DMARC produces "pass" result if and only if at least one of SPF and DKIM checks pass. It has been noted that DKIM provides stronger protection of the two (if implemented properly). But, in order to require namely DKIM passing by a DMARC policy, one needs to "disable" SPF (either by not publishing SPF records or by publishing an SPF record which disallows everything).

I do not understand the reason for such design of DMARC: there are two checks (SPF and DKIM), but there is no way to enforce a particular one of the two by the policy. It requires changing the other check itself.

What could be the reason for the DMARC specification to have no flags for specifically requiring either of (SPF, DKIM) to pass?

2 Answers 2


I did not find anything about this but I'm guessing that the arguments went the following way:

  1. Both SPF and DKIM might break (forwarding, message transformation).
  2. To increase robustness a domain should probably implement both anyway and hopefully only one will break then.
  3. There are ways these mechanisms can accidentally fail, but there is no way for an attacker to deliberately make them falsely succeed.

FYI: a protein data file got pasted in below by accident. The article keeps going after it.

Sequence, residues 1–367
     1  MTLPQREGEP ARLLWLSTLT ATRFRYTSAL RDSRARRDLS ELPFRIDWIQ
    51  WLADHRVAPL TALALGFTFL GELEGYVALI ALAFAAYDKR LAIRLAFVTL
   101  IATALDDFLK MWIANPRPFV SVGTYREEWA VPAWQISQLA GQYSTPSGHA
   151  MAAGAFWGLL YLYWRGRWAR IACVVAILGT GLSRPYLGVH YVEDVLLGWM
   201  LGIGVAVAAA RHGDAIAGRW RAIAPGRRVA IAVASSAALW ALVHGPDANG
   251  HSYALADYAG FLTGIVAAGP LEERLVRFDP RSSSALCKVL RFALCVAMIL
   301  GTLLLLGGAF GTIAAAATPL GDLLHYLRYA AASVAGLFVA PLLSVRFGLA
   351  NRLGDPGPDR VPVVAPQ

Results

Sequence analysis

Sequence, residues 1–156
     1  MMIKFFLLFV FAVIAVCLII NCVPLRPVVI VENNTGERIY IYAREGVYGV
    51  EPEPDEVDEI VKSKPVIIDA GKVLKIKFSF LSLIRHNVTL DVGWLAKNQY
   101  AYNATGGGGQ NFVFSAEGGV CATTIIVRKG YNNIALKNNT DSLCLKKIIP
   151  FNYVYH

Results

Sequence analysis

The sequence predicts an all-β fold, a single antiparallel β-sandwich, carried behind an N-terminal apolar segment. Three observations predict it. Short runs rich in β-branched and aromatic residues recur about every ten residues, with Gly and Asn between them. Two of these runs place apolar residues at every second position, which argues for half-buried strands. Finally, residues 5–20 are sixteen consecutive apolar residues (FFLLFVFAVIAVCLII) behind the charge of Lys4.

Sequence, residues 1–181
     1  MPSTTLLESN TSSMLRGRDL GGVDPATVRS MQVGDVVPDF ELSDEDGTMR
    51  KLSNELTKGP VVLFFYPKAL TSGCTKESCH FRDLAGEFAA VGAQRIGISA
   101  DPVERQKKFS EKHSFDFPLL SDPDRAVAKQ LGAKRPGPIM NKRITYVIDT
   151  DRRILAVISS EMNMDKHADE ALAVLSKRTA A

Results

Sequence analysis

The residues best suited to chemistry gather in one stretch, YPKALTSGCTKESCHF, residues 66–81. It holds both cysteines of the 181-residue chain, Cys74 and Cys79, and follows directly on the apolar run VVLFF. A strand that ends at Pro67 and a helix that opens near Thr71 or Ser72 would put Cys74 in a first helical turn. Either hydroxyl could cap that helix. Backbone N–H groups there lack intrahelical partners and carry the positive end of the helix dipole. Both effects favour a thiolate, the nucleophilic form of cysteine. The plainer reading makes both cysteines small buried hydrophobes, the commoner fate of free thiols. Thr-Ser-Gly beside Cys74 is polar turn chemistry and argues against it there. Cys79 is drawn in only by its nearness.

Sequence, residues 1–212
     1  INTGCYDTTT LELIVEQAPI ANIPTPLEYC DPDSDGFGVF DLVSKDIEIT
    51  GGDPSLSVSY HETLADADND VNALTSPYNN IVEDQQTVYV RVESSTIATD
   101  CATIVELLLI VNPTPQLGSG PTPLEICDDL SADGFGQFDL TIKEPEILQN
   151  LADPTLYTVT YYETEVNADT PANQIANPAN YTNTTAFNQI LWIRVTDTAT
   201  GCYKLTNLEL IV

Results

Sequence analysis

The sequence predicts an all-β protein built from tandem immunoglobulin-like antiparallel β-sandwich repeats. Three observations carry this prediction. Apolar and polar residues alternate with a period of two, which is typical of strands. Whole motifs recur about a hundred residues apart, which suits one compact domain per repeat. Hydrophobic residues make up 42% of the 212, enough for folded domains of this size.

4. Thus in the interest of robustness require only that at least one of these succeeds.

I very much doubt argument number 3 though. For a scenario where SPF might be tricked into returning Pass see this mailing list thread which actually contains a proposal to have something more strict than just SPF or DKIM. For ways to abuse DKIM by an attacker see this article (disclaimer: own research).


To ignore SPF you can set the fo:d on your dmarc record and it will only report when dkim fails setting the spf record to softfail ~all is not a bad idea either

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